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Case History

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Image not available. A 30-year-woman has been referred following a wide local excision and axillary clearance of a 2 cm grade III invasive ductal carcinoma. The tumour shows lymphovascular invasion and 2 of 11 lymph nodes are involved. Immunohistochemistry is negative for oestrogen receptor (ER), progesterone receptor (PR) and HER-2. The patient starts adjuvant chemotherapy.

A detailed family history reveals the pedigree shown in Figure 39.1

Should the patient be referred to a clinical genetics service?

What are the implications for the management of the patient's recently diagnosed breast cancer and for her personal risk of developing further cancers?

What are the implications for the patient's family members including her sister, brother and niece?

How would the patient's management have changed if the germline BRCA1/2 mutation screen had not identified a mutation?

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Background

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Image not available. Refer to the patient's pedigree as shown in Figure 39.1.

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Discussion

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Should the patient be referred to a clinical genetics service?

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Image not available. All patients presenting to an oncology clinic should have their family history recorded, including at least first- and second-degree relatives. Ideally this should also include the age of cancer diagnosis, tumour site, any multiple cancers and any Jewish ancestry (as there are three founder mutations particularly common among patients of Ashkenazi Jewish descent). It is important to remember to differentiate and separate maternal and paternal relatives. Breast cancer is common, however, so most women even with a family history of breast cancer do not fall into a high-risk category.1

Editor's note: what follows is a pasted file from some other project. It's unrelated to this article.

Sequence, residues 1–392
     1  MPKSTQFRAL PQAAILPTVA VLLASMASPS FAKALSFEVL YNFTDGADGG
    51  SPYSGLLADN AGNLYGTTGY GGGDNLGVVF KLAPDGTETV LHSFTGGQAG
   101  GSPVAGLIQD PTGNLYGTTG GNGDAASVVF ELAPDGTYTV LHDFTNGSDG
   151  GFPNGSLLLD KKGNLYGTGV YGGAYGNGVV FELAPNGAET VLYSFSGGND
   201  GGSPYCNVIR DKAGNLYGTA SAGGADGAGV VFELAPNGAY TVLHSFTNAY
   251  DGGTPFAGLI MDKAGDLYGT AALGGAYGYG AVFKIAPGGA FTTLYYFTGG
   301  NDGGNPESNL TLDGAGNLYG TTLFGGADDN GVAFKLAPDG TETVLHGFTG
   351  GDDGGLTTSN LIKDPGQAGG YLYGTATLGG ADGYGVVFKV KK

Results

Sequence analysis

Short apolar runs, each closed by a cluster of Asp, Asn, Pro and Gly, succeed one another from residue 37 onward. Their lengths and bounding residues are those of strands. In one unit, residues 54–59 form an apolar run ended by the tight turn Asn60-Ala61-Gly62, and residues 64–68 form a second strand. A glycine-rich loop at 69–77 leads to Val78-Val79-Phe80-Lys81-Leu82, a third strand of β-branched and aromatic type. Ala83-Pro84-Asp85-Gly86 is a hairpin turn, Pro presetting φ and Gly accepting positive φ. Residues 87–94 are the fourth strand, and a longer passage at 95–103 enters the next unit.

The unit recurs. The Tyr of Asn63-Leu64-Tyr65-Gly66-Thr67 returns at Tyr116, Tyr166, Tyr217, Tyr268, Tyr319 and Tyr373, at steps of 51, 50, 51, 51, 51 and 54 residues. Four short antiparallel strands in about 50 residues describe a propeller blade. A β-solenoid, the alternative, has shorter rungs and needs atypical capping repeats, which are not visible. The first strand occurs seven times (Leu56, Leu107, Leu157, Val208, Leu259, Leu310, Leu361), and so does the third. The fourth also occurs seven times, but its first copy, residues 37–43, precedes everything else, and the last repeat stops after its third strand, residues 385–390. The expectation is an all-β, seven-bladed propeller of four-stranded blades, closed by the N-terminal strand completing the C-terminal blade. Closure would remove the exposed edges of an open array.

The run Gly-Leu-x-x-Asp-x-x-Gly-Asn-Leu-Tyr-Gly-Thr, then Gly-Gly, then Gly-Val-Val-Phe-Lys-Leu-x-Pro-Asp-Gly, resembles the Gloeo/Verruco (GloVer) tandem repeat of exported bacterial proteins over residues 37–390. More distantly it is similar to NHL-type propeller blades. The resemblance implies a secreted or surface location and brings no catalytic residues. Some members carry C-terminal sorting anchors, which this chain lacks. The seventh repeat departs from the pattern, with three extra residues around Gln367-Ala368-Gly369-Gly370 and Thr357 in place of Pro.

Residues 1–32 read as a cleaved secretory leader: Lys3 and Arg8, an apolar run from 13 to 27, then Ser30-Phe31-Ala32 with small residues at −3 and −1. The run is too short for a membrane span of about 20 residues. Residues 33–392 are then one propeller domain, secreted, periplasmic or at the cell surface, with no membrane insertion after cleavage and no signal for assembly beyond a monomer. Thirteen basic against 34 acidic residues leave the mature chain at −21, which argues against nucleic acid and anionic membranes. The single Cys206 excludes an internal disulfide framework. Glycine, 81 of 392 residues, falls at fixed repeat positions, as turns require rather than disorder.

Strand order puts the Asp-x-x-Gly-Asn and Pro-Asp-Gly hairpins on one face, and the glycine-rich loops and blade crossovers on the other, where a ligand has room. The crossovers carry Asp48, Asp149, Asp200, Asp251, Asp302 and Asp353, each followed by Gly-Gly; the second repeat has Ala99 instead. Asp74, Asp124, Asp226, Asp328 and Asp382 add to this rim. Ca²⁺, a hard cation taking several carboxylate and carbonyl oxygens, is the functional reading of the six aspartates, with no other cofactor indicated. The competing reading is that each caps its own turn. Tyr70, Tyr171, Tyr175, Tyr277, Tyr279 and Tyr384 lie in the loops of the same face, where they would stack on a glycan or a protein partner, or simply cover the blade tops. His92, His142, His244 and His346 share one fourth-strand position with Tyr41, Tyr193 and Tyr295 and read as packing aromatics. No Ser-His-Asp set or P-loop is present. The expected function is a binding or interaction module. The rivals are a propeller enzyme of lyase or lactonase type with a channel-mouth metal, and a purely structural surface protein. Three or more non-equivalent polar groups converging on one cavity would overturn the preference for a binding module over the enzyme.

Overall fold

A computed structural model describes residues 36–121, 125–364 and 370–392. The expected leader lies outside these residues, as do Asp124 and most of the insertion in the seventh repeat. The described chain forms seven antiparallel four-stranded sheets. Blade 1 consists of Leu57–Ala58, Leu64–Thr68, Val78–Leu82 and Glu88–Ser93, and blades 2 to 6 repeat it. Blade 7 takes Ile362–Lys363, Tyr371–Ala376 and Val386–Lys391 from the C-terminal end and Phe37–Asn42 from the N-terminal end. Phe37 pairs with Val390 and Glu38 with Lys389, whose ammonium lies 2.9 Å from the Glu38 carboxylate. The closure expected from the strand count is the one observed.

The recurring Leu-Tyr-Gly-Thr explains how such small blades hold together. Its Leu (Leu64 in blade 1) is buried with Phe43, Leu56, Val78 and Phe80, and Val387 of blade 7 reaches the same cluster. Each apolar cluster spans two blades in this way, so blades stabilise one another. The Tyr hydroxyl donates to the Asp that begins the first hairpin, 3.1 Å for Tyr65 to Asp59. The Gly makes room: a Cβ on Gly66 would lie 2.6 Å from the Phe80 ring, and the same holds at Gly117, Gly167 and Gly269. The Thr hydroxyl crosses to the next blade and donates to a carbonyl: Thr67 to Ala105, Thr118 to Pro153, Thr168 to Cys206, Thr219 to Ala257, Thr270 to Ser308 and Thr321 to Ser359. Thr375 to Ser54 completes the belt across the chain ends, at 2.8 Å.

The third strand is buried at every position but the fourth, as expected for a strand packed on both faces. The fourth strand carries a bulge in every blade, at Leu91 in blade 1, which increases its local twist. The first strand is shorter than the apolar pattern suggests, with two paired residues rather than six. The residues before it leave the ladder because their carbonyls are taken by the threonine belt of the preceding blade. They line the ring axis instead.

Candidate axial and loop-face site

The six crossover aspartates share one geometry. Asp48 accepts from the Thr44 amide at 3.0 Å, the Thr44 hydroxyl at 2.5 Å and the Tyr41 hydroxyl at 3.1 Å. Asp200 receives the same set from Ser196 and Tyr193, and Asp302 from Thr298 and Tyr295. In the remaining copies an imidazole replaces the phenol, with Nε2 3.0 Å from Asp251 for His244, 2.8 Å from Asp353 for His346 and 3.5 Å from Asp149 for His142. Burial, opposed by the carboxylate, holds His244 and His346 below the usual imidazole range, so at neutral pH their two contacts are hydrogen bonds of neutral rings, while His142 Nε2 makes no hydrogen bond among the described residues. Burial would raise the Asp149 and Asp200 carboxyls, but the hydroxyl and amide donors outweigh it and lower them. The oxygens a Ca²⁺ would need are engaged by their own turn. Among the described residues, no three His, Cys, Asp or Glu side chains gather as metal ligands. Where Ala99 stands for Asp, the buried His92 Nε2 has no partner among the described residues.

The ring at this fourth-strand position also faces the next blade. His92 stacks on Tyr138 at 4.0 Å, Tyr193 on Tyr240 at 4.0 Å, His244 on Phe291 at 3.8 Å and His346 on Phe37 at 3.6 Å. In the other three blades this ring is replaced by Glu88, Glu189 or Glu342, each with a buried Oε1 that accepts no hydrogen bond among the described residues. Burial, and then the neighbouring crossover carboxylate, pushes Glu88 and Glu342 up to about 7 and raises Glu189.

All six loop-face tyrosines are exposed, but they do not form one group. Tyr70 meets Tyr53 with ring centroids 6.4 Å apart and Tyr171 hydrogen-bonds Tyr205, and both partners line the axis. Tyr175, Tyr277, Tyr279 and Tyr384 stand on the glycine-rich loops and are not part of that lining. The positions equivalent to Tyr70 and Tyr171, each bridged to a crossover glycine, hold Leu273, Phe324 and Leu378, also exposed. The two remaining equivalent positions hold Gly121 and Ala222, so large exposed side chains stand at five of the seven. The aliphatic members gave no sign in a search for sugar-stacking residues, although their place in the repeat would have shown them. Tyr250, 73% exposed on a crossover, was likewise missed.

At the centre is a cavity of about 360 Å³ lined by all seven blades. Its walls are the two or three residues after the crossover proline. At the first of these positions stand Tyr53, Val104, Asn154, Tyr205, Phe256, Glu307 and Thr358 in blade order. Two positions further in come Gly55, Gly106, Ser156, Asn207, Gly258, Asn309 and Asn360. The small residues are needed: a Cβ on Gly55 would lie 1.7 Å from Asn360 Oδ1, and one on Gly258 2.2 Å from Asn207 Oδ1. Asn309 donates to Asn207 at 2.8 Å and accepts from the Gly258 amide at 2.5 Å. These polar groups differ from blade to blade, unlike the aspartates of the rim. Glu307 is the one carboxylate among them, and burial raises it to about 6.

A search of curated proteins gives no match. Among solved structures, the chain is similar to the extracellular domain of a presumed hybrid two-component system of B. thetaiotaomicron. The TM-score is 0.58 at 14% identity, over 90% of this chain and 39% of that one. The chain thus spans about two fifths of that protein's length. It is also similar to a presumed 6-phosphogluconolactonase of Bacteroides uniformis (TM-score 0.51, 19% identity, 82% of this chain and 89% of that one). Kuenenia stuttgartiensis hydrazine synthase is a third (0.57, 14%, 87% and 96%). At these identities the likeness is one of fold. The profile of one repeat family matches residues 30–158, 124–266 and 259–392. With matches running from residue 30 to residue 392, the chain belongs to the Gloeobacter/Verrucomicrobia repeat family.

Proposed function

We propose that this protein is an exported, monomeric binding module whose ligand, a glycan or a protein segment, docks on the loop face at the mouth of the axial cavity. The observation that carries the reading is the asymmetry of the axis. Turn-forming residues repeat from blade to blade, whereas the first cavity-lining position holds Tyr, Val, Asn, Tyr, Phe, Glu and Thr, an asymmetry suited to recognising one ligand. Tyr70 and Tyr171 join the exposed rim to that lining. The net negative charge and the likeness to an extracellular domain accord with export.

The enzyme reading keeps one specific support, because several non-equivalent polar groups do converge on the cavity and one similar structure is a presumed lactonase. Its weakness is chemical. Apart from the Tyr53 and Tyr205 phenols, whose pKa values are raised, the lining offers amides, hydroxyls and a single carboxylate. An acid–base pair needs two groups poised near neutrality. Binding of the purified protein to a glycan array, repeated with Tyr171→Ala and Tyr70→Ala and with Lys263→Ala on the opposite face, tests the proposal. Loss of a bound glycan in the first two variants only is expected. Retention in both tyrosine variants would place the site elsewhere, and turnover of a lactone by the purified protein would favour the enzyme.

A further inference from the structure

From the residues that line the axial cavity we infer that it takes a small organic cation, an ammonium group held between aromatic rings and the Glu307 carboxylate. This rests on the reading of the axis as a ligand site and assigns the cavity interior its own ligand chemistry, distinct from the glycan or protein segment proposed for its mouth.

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The National Institute of Health and Clinical Excellence (NICE) defines three risk groups:

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  • Near population risk (lifetime risk of developing breast cancer Image not available.17%)

  • Moderate risk (lifetime risk of developing breast cancer 17–30%)

  • High (lifetime risk of developing breast cancer >30%, or a greater than 20% chance of an abnormal BRCA1, BRCA2 or p53 gene in the family).

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Any person judged as having a moderate or high risk of developing breast cancer should be seen by a clinical geneticist.2

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On the basis of the family history provided, there is enough evidence that this patient should be referred to a clinical genetics service. Patients being considered for genetic testing should be referred to tertiary care for genetic counselling regarding their risks and options. The possible value of the test must be discussed, including the meaning of a positive and negative result. BRCA1/2 mutations account for the majority of multiple-case families with both breast and ovarian cancers, and/or male and female breast cancers. However, they account for less than a third of the inherited component in families where the only cancer is female breast cancer. Overall BRCA1/2 mutations account for less than 5% of breast cancers.

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During her adjuvant ...

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